Guest Article By Joe Casabona
One of the most frustrating things about the Harry Potter movie series is something that you wouldn’t really know is frustrating if you read the books: the movies do a terrible job at explaining what Horcruxes are, and Tom Riddle’s backstory in general. I didn’t actually realize this until my friend, who has only seen the movies, told me how he was lost during Deathly Hallows. Imagine making a movie for a smash-hit franchise, and not realizing you’ve excluded a large portion of your viewership in some way.
That’s what it’s like when your podcast doesn’t have transcripts. The difference is that moviegoers still get to mostly enjoy the movie. Without transcripts, you’re making it so a sizable portion of your potential audience can’t enjoy your show at all.
Here are 3 reasons why your podcasts need transcripts.
We obviously need to start with accessibility. Deaf users will not be able to consume your podcast at all if you don’t have transcripts, meaning you’re excluding 13% of the US audience alone. Given that podcasts are a great way to establish trust, reaching as many people as possible within your target audience is a good goal. Transcripts would go a long way in furthering that mission.
Besides that, you could legally be at risk. At the end of 2021, SiriusXM was sued by the National Association for the Deaf for potentially violating the Americans with Disabilities Act (ADA). The added cost of a transcript per episode can go a long way in protecting you from legal liability.
2. Convenience for All Users
But it’s not just deaf users who benefit. When you have a transcript, it’s easier for users who can’t listen to skim the text, people who have listened to find quotes or topics they want to re-read, or even convince people to listen to the full episode.
It’s also about personal preference. Prolific Podcaster Evo Terra puts out a podcast, the “written to be read” article on his site, a newsletter, and a Twitter thread all on the same topic. Tom Webster does the same thing, minus the thread.
When we create content, we want to meet our audience where they want to be. If that means ensuring the podcast can be read because that’s how some prefer to consume content, we should absolutely provide them with the text.
Not to mention, it makes searching your podcast website a lot easier. Imagine if someone mentioned “WordPress” but it wasn’t in the title or description of the episode. Your users, and your site’s search, would have no way of knowing you cover a topic important to them in a particular episode.
With a transcript, those terms would show up in a site search. And speaking of search…
3. Transcripts Help SEO
Google and other search engines don’t automatically transcribe and index audio (yet), so the best way to get all of your podcast content indexed is by transcribing the episodes.
Anecdotally, one of the first times I saw big growth in my show is when I added transcripts. But why use anecdotes when we can use evidence? According to Moz, after they added transcripts to their podcast:
We saw a 15% increase in organic traffic to the website and a 50% increase to some keyword lift around the keywords that we were tracking.Moz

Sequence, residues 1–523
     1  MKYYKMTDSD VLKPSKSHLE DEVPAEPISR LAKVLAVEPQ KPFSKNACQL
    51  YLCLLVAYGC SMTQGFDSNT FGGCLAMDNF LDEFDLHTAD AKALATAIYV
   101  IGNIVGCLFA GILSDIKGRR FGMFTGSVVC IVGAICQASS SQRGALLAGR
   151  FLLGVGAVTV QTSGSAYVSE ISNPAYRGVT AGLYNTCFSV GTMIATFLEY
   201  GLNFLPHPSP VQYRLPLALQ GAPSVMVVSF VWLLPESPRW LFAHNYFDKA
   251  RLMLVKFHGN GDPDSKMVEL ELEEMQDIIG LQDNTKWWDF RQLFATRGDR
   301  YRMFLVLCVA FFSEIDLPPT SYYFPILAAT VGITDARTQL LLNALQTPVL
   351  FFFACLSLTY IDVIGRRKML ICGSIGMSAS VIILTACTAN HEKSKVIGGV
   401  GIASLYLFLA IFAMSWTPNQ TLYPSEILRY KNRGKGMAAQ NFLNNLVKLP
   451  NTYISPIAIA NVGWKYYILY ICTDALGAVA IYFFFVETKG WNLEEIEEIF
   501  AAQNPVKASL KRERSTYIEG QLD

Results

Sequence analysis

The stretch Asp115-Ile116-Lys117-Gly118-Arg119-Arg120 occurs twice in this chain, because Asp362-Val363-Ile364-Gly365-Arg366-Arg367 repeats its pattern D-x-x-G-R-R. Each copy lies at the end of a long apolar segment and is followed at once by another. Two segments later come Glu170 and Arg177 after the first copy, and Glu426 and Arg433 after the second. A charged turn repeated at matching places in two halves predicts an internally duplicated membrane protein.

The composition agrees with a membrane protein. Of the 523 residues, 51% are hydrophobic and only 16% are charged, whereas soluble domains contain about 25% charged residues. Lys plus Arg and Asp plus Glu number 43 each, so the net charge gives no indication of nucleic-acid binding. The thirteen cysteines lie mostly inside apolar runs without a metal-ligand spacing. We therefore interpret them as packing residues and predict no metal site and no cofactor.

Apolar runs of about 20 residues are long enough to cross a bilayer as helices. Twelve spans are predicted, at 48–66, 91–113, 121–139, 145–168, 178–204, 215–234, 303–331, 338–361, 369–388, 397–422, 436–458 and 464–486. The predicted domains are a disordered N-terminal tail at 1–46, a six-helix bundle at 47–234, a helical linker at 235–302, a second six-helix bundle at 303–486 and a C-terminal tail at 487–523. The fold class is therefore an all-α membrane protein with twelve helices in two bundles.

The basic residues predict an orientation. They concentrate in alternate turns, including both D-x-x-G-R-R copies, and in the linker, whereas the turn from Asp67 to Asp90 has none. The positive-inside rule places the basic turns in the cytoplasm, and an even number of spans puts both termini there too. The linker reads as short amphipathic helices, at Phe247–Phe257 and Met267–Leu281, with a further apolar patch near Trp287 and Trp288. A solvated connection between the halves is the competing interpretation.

And as Moz points out in that same article, even if one day Google does transcribe audio for indexing, providing your own allows you to control the content that is associated with your site.
Ways to Transcribe Your Podcast
So how do you transcribe podcasts? There are a few ways.
Automatic or AI Transcription
The first is with automatic or AI transcriptions. This is the most affordable, and the least accurate. My favorite service for this is Descript, in part because it’s also an audio editor, and a fantastic tool.
The name that everyone knows in this space is Rev. Upload some audio, select if you want transcripts or captions, provide a dictionary of uncommon terms and names, and a person will transcribe for you within a day.
Rev is great if you want easy, and fast. But at $1.25/minute, it can get pricey. An hour-long episode will cost $75. Pay that weekly, and you have an expensive endeavor, especially if your podcast doesn’t make money.
Hire a Freelancer
My favorite solution to transcripts is to hire someone. I have 2 — my VA, and someone who specializes in transcripts. In both instances, the turnaround is a little longer, but it’s a lot more affordable (especially for someone who has 3 podcasts).
In this case, you get to work with the same person, so they’ll begin to learn how you speak and how your episodes are laid out. You can probably also save some time if you have the same reads across episodes, like sponsors and intro/outro. My workflow is just as automatic as with Rev too.
When an episode comes back from edit, my editor puts it into a Dropbox folder and my transcriber gets an email. She then transcribes the episode and uploads it back to Dropbox. I happily pay her invoice at the end of the month.
Where to Start
If you’re just starting out, test the water with automatic transcripts from Descript or Temi. The latter may be a better option because you can pay per minute instead of having a monthly subscription. Install Accessibility Checker and get reminders if you forget to add a transcript.
Once you get a feel and start to see results (or realize you can save a lot of time), find a freelancer on Fiverr or Upwork, or ask around for recommendations!
Grow Your Podcast with Transcripts
Between accessibility, convenience, and SEO, transcripts are a great way for your podcast to reach new audiences, grow your listenership, and create fantastic content for all to enjoy.
About Joe Casabona
Joe started his career almost 20 years ago as a freelance web developer before realizing his true passion, which is sharing his years of knowledge about websites, podcasting, and course creation to help creators, and business owners make money with their content. You can learn more about him on his website casabona.org.